Oops – you’ve stumbled on a website section that was archived in October 2017 when we developed the ‘Best Places to see Scotland’s Geology’ section. Please go there for up-to-date information.
Scotland has world-class geodiversity that underpins our landscape, biodiversity and culture. There is simply no other country of comparable size in the world with such diversity in rock types, ages and landscapes. Scotland can also rightfully claim to be birthplace of the geological sciences, through the work of James Hutton in the late-18th century and many other subsequent advances in our understanding of how the Earth works and life evolved.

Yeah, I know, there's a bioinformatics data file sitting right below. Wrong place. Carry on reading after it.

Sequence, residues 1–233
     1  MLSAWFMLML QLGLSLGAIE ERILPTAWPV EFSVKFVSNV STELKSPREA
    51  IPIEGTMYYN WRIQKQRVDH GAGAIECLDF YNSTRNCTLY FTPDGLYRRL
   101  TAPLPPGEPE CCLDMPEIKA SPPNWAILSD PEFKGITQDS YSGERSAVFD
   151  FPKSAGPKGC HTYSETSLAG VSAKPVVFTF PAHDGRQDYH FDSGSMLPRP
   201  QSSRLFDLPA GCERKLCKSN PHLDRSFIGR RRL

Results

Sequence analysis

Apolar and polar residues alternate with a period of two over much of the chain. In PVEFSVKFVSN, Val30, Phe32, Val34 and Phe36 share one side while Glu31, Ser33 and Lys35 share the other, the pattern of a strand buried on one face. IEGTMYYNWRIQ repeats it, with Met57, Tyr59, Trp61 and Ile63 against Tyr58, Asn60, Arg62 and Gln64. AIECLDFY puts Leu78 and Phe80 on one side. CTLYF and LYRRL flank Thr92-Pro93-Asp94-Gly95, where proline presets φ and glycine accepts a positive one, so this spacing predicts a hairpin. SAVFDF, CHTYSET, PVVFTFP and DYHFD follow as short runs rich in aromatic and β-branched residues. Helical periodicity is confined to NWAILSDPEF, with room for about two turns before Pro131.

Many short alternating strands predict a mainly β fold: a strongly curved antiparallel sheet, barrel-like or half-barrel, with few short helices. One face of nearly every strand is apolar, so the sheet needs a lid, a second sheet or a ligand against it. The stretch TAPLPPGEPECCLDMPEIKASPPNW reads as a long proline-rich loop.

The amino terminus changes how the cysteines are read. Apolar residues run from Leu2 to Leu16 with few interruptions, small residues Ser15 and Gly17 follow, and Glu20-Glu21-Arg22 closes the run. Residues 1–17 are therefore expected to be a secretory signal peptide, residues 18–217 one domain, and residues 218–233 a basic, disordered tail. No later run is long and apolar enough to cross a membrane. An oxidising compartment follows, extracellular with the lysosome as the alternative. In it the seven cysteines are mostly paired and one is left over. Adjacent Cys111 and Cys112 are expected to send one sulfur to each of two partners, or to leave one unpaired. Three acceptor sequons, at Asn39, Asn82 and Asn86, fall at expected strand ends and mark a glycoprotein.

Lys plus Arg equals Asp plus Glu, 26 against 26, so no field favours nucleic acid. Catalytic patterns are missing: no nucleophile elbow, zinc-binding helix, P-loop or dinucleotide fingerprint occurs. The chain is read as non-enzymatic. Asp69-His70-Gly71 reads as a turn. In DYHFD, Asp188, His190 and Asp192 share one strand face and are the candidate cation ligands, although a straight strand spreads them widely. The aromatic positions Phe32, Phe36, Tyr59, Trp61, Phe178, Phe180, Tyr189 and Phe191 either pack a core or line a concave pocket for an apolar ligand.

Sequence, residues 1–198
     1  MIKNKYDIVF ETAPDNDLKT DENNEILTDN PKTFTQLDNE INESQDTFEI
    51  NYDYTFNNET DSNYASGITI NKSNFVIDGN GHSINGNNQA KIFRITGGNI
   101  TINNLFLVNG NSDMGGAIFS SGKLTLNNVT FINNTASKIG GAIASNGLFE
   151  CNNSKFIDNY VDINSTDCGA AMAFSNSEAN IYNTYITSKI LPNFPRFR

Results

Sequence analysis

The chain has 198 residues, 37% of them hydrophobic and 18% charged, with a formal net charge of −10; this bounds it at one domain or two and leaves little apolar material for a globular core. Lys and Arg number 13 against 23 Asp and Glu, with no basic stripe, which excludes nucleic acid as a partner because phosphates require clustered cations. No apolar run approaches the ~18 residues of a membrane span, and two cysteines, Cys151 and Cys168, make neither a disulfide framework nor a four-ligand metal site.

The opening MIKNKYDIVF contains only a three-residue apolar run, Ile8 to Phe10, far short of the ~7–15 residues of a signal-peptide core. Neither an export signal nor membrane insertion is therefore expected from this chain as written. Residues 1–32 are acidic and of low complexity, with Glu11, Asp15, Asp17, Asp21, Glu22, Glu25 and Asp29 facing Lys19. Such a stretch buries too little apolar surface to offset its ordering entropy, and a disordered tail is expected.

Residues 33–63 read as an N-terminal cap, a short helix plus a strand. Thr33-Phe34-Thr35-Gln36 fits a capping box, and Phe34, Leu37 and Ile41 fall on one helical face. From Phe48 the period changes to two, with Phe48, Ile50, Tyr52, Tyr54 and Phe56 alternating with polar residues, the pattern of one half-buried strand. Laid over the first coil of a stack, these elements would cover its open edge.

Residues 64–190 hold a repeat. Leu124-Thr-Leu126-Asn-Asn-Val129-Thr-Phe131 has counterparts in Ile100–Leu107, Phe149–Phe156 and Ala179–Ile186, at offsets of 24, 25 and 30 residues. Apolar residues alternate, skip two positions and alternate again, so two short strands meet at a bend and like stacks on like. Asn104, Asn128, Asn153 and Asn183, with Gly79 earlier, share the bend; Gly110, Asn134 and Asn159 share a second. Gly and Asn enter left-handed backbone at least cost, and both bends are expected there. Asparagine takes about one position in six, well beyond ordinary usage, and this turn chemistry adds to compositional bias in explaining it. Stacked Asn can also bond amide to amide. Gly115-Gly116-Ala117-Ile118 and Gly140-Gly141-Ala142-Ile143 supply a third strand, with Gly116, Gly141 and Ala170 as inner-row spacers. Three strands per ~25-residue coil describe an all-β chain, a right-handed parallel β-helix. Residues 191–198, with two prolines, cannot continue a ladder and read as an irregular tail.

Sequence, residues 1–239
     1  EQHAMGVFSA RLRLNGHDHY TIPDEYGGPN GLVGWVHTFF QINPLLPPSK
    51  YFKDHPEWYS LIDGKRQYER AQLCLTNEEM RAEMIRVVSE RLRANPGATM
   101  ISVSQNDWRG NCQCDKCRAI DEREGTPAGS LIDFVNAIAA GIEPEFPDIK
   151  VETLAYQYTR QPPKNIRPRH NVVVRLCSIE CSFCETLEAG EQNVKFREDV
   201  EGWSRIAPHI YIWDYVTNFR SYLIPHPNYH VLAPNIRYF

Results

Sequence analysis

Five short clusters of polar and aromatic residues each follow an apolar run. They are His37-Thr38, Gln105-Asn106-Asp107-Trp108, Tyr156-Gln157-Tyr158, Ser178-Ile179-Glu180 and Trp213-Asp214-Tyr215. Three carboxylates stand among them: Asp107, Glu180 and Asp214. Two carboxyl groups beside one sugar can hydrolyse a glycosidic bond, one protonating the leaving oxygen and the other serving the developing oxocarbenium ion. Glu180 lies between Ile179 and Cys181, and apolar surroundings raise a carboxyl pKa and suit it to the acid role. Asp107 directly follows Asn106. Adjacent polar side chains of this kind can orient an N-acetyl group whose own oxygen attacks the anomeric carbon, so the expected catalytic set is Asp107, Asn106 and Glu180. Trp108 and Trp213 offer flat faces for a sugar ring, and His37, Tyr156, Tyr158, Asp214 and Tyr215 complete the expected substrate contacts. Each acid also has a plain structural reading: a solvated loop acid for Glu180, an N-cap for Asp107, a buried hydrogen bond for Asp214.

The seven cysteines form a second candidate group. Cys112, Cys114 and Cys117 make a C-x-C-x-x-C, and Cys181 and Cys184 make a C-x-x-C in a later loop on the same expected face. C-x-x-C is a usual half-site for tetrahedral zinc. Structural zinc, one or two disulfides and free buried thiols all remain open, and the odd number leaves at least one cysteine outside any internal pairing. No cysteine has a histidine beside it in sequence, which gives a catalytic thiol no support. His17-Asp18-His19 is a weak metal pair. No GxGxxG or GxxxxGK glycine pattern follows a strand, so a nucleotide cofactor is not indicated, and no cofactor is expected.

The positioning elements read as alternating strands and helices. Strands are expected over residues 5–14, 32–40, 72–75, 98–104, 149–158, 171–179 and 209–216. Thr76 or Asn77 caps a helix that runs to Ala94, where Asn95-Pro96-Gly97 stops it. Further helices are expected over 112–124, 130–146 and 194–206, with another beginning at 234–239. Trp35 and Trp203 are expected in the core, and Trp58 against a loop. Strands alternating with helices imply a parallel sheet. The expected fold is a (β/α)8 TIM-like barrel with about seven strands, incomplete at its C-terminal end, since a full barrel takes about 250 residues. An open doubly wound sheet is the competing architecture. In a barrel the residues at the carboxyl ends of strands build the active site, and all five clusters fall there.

The classic geodiversity sites on this page are locations in Scotland of great importance for the development of geological science, that are associated with famous geologists and which together tell a great story of the development of our bit of the Earth’s crust. Most of these are freely accessible to visit, to delve deep into Scotland’s past; please be aware though that at some sites there may not actually be very much for the average visitor to see and understand. Visit the Where to go map to see all the sites and attractions in Scotland that have trails and explanations.
Arran (Hutton’s Unconformity and Judd’s Dykes)
Lesmahagow (fossil fish localities)
The South end of Loch Lomond (geomorphology)
Callander (Highland Boundary Fault)
Edinburgh (Hutton’s Section & Hutton’s Rock, Salisbury Crags and Agassiz Rock)
Grampian & Argyll
Sands of Forvie
West coast of Jura
Elgin (Scaat Craig, Cutties Hillock and Spey Bay)
Bow Fiddle Rock, Portknockie
Sea of Stones, Binn of Garmouth